Controversial! Fun And Also Games! First Comic Book related blog to be featured in the Australian National Library's Pandora archive.
Film, music and comic book history expert. Available to hire for public speaking, lectures, writing and almost anything else. Four time Rondo Award nominee. Author of several books and hundreds of articles.
Don Heck was one of those artists who never really got his proper due in my eyes. I think some of the first Avengers stories I read were drawn by Don Heck, if not inked by him over Jack Kirby pencils and certainly some of my fondest Iron Man stories were drawn by Heck, with Johnny Craig a close second. No disrespect to artists like Gil Kane, Gene Colan or the mighty Kirby, but, in my eyes only, nobody came close to capturing the true essence of ole Shell Head like Heck did. And no wonder, after all Heck did draw the first ever Iron Man story and must have had a hand in the creation of the character. “Stan called me one day and said you're going to be doing a new character called Iron Man. I had no idea what it was, what I was going to do. Kirby had designed a costume and contributed some ideas. Stan and I expanded on those ideas and then Larry Lieber wound up writing the final story. I liked doing that strip, especially the character bits with Tony Stark, Happy Hogan and P…
Hooray for Wally Wood! How anyone can say that they enjoy comic book art and not appreciate Wally Wood is beyond me. Seriously. Wood was one of the finest artists that has ever emerged from the medium, sadly some people look more towards his failings as a person than his qualities as an artist.
I've always believed that there's a very fine line between genius and insanity and that when that line becomes blurred what might seem somewhat bizarre to 'normal' people is merely normal to the bizarre. Wood had his demons that pursued him, right to the end, and, from all accounts, he could be somewhat unstable (to put a nice spin on things) and erratic, but his ability to draw anyone under the table was the gift that he had. The price he had to pay for that gift was the tragic way that he both lived and died.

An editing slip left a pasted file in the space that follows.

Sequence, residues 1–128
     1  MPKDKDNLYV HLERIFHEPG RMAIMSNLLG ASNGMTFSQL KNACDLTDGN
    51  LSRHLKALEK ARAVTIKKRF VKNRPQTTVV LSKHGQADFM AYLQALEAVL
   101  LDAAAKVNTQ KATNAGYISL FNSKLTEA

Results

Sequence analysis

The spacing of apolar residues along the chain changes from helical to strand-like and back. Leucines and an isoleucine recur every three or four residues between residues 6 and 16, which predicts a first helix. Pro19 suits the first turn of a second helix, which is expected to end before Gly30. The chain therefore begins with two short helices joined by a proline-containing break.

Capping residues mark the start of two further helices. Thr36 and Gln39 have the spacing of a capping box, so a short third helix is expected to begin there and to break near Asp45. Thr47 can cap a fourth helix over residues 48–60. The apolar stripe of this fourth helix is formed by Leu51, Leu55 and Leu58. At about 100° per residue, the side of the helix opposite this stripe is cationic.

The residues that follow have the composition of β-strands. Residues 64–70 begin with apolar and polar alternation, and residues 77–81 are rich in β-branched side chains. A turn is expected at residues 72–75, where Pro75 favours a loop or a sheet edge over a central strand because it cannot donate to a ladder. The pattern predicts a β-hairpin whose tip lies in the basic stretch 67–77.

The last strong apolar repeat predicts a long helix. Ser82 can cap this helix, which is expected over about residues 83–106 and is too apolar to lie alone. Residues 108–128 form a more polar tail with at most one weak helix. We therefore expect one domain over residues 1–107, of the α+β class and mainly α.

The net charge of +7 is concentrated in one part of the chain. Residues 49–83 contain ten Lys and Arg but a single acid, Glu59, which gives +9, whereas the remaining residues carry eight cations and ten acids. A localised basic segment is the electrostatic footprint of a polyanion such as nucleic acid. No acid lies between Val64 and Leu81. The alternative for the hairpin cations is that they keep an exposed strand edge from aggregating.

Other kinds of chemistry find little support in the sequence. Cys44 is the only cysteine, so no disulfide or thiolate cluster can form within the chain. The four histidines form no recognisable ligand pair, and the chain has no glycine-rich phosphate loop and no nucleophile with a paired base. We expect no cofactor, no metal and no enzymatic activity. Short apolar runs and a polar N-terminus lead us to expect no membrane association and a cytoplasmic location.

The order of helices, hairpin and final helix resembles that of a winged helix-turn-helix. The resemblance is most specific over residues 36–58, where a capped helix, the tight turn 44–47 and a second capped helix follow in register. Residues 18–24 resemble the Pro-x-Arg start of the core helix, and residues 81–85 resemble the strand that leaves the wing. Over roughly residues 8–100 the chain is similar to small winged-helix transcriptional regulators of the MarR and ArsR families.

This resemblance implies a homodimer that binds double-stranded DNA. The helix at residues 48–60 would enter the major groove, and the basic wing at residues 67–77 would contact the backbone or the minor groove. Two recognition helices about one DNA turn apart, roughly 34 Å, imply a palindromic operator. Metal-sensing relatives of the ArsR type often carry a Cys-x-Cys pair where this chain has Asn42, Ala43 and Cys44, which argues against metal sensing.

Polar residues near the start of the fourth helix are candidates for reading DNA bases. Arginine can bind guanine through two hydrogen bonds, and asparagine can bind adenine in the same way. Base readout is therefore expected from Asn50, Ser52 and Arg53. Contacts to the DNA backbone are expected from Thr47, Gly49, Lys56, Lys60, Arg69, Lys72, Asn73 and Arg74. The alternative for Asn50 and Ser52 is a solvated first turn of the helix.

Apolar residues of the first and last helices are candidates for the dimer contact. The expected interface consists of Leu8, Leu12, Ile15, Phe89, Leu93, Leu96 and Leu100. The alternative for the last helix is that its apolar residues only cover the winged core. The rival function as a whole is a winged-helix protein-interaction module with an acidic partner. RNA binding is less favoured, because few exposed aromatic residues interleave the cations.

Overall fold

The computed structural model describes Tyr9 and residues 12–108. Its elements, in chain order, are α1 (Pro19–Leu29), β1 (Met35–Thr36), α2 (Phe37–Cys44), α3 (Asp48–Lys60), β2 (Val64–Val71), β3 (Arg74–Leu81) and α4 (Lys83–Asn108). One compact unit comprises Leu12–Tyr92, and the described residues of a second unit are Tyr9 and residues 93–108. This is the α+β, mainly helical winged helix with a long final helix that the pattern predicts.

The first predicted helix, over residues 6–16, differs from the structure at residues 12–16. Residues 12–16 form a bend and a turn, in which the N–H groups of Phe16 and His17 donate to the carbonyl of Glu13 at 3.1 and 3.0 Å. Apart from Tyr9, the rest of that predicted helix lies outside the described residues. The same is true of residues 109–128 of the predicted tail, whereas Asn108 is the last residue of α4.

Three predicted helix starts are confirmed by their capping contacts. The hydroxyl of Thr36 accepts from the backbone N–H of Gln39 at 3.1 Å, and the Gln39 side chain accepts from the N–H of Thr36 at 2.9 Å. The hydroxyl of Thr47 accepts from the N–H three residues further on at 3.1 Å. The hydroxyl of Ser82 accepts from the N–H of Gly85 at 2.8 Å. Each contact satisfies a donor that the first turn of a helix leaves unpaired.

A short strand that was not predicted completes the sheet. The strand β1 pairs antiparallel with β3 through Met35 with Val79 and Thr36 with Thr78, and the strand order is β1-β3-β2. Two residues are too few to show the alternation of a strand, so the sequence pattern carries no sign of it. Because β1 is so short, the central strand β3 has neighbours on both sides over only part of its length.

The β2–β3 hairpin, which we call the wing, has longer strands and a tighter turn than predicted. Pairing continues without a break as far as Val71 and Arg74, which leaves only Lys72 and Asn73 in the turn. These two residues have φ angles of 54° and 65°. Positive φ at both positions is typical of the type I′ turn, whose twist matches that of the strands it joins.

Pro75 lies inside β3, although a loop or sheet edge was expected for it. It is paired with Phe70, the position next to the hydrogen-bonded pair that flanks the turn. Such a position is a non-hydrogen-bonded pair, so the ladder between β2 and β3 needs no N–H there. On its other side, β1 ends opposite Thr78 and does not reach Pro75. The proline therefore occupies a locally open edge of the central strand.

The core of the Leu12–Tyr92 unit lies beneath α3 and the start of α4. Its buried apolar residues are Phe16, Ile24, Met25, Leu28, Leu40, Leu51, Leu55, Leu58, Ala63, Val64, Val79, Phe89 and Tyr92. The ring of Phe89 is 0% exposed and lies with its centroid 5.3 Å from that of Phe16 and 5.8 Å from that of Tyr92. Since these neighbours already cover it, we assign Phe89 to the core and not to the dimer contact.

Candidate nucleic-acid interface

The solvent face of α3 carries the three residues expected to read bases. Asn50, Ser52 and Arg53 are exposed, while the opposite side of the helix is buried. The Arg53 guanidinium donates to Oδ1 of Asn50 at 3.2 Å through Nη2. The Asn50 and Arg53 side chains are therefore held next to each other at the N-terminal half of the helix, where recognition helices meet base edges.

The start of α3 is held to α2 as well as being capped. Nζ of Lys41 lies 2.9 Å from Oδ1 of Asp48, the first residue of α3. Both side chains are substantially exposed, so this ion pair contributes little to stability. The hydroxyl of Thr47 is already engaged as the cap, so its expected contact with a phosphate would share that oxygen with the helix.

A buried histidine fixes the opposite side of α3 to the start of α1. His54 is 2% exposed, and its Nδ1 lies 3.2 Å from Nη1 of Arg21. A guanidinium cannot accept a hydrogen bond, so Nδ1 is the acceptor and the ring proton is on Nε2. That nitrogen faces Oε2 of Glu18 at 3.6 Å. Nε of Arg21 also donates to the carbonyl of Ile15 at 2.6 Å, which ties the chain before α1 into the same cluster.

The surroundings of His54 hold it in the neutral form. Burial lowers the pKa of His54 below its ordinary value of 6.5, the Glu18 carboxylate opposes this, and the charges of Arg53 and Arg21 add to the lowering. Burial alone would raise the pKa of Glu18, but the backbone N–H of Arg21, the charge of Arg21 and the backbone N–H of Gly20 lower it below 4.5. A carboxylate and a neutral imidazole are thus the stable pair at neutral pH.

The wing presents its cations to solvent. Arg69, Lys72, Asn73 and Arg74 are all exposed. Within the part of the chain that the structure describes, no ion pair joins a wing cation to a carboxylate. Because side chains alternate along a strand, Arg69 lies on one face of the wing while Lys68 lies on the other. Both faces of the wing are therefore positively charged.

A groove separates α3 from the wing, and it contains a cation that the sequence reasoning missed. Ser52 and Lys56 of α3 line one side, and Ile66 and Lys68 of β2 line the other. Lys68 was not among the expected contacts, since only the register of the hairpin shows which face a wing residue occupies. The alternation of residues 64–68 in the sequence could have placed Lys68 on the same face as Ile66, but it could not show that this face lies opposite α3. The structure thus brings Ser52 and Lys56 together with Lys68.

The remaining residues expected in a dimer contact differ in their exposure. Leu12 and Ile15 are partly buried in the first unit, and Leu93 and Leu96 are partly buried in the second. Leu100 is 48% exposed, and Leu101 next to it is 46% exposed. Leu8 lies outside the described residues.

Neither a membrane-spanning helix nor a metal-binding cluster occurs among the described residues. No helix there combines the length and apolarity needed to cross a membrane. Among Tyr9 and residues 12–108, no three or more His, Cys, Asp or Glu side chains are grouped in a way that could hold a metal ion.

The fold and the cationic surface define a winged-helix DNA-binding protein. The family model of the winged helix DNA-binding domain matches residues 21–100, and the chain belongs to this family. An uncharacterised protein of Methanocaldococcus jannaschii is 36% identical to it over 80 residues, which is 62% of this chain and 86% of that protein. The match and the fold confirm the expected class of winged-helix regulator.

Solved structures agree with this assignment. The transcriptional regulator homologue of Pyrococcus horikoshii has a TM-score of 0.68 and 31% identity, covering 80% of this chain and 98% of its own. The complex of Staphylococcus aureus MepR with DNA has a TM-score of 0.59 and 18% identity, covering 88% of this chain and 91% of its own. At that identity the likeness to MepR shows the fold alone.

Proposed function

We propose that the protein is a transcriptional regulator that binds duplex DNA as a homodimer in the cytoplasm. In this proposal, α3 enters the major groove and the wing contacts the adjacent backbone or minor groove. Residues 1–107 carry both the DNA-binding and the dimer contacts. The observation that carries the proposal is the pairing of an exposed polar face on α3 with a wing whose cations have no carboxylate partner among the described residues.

In his day Wood was as good as anyone out there and, for me anyway, he peaked to a degree with his work for EC. If I wrack the brain a bit I'd hazard a guess an…
"We got poor Dave Gibbons to dress up as the host character. He was really embarrassed, but he did have a fun time doing the photos with the wind machine blowing his cape." -- Kelvin Gosnell Tornado was a short lived English magazine, it lasted a mere 22 issues plus a Summer Special and was published from March to August 1979. However I liked it, a lot. What I liked about it was the free gifts that came with each issue, and the quirky advice that 'editor', Big E, often handed out. With the third issue there was a spud gun attached to it - Big E's advice was to avoid shooting people in the face with it and to use it responsibly. Naturally I did the opposite and took the gun to school where I promptly managed to get a shot off and nearly took an eye out. Hilarious stuff at the time. I think issue one came with a great three pronged boomerang, and advice from Big E not to throw it at people. Guess who then started to throw it with such aim that it parted hair? …
"I inked many of Ross Andru's pages myself, and was impressed by the amount of research he did on the locales he depicted." --Jim Mooney
This one should knock your socks clean off your feet. Amazing Spider-Man #162, the issue that I'm going to focus on here, is listed over at the Grand Comic Book Database as being credited to Ross Andru, naturally, however instead of the penciler credit that he should have gotten, they've listed him as providing breakdowns and Mike Esposito as being the final penciler. I have some bad news for them - they're slightly wrong, in fact, more than slightly wrong. For, you see, as will be shown very shortly, Ross Andru provided full pencils. Mike inked the issue, and more than likely utilised the services of Dave Hunt to assist him on the backgrounds, as was his wont at the time.
How do I know this? Simple - I have scans of two pages of Ross's pencils from the issue in question.